At least five American utilities, a Washington, D.C., energy broker and multinational firms in Italy and Holland are hoping to deploy the hydrino generators to produce an amount of electricity equivalent to that needed to run 1 million American homes - for as little as one cent per kilowatt.

An expanded team of scientists and engineers at Rowan University say they completed a thorough year-long series of additional testing of the thermal systems following the announcement and release of earlier validations, performed in October 2008 and August 2009. Using BLP's proprietary solid-fuel chemistry, which is capable of continuous regeneration, they independently formulated and tested fuels that they found could generate on-demand energy greater than that of combustion but at the far lower power levels of kilowatts.


"When using BLP's chemical process, Rowan professors reported a net energy gain of up to 6.5 times the maximum energy potential of these materials from known chemical reactions," the release said. The Rowan team included Dr. Ramanujachary, who is Rowan University Meritorious Professor of Chemistry and Biochemistry, assistant professor of chemistry Dr. Amos Mugweru, professor of engineering Dr. John L. Schmalzel, P.E., and Dr. Peter Jansson P.E., asssociate professor of engineering at Rowan.


"In additional independent tests conducted over the last 12 months, involving 13 solid fuel mixtures made by us from commercially-available chemicals and confirmed by multiple analyses, our team of engineering and chemistry professors, staff and students at Rowan University has independently and consistently generated energy in excesses ranging from 1.3 times to 6.5 times the maximum theoretical heat available through known chemical reactions," Dr. Ramanujachary said

Compared to thermal-based systems, Mills says, "[CIHT] produces electricity without requiring enormous thermally-driven mechanical generators." The power units would be distributed to individual homes, where they could power not just the home home but a neighborhood. The small unit in the car could even be hooked up to the house to power it.


Rather than relying on a giant utility, the units would make each home and neighborhood autonomous - "off the grid," as green energy activists like to say. That will make adoption of the units a quicker process, Mills says.


"Consequently, more rapid dissemination is expected by deploying many autonomous distributed units that circumvent the huge barriers of entry into the power markets such as developing and building massive billion-dollar power plants with their associated power distribution infrastructure," Mills said. "This is especially true in emerging markets."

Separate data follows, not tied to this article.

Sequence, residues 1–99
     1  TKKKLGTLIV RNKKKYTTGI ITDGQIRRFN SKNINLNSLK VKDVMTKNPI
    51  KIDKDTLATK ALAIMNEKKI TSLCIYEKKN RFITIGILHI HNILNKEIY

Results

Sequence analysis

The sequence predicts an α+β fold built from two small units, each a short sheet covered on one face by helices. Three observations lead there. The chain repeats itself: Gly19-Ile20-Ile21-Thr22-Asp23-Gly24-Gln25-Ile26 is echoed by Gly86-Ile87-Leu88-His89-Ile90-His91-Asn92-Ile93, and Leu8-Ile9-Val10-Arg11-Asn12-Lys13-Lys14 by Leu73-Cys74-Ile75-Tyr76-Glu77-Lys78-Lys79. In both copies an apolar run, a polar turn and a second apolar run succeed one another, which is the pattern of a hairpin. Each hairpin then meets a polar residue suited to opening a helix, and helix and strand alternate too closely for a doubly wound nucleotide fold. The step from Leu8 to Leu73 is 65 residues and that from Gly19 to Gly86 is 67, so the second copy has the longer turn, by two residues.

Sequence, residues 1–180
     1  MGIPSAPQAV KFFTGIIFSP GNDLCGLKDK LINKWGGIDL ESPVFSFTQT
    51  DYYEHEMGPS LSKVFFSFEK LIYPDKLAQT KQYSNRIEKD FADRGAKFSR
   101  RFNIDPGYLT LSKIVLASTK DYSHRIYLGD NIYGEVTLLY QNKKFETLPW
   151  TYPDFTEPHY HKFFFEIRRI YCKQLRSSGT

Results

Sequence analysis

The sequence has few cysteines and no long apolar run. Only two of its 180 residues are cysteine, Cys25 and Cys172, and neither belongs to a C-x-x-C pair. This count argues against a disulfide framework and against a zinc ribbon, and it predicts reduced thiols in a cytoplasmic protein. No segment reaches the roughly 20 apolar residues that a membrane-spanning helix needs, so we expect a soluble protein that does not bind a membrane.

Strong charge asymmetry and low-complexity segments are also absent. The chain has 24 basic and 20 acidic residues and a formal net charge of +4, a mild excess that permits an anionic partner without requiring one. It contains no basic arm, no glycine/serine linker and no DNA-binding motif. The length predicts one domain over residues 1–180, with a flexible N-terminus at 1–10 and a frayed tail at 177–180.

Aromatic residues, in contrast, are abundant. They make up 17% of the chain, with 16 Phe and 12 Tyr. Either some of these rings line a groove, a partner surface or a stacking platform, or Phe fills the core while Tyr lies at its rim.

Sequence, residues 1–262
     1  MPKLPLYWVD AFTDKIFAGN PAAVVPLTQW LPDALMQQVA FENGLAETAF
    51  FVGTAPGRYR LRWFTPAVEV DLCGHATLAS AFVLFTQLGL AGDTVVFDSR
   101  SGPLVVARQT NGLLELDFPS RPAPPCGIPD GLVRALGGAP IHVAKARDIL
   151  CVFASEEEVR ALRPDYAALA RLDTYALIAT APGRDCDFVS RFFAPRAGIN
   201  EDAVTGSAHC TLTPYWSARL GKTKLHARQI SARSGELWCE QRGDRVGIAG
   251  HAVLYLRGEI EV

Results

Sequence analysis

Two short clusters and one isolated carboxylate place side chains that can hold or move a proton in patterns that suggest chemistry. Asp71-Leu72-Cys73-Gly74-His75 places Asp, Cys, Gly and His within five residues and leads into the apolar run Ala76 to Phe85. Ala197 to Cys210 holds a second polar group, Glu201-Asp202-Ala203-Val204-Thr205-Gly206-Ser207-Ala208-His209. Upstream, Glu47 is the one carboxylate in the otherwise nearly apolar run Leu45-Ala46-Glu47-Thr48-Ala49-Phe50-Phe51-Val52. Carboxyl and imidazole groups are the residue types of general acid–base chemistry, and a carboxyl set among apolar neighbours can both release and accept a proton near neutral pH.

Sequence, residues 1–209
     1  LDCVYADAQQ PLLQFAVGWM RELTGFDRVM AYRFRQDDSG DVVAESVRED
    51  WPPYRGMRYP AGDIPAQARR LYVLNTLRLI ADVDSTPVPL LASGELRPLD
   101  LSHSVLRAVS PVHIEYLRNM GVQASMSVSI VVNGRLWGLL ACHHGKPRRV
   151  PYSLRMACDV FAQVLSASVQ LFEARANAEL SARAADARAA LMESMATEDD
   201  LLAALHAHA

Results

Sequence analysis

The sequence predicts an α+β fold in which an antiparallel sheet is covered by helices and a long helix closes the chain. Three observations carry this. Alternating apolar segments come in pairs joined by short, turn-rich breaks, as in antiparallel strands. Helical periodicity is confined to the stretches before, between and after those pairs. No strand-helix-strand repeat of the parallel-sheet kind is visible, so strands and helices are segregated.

BlackLight Power focuses on using CIHT units to produce power to ultimately sell directly to consumers under power purchase agreements.


"The business plan is akin to that of solar leasing, but the costs are potentially vastly cheaper, and the systems may be deployable for essentially all applications of all scales untethered to the Sun or the grid, or as in the case of fuel cells and cars, a fuel supply," Dr. Mills said.

"To realize how transformational this technology will be, imagine that an electric car can travel over 5,000 miles on the hydrogen energy from a gallon of water without any pollution whatsoever. The power source can then be lifted out and plugged into your electrical panel to power your home with enough power to spare to also power your neighborhood," Mills added.


Some of those hoping to exploit the new technology are already thinking ahead. "BLP's breakthrough CIHT technology will allow us to become a major green-power producer for the DC metro area while enabling dramatic savings and unheard of independence," said John E. Akridge III, chairman and owner of Washington, D.C.,-based Akridge Energy.


"It is ideal for our needs across the full spectrum of our applications: powering apartment complexes, commercial offices, retail outlets, and mixed-use projects." Akridge said. His firm, a BlackLight Power licensee that owns numerous buildings in Washinton, D.C., "intends to deploy distributed-scale CIHT electric power units at commercial real estate properties, sell electricity to its tenants and eventually into the local electric grid," he said.


At Rowan University, where much of the validation of the technology was done, the chairman of the college's physics department is emphatic about the process.

"The chemicals used in CIHT technology, similar to those used in thermal and chemical cells, were separately, thoroughly and diligently validated over the past three years by a team at Rowan University that included myself," Dr. K.V. Ramanujachary said. "Since the measurements on CIHT are electrical versus calorimetric, there can be no dispute over the power and the energy balance," he said.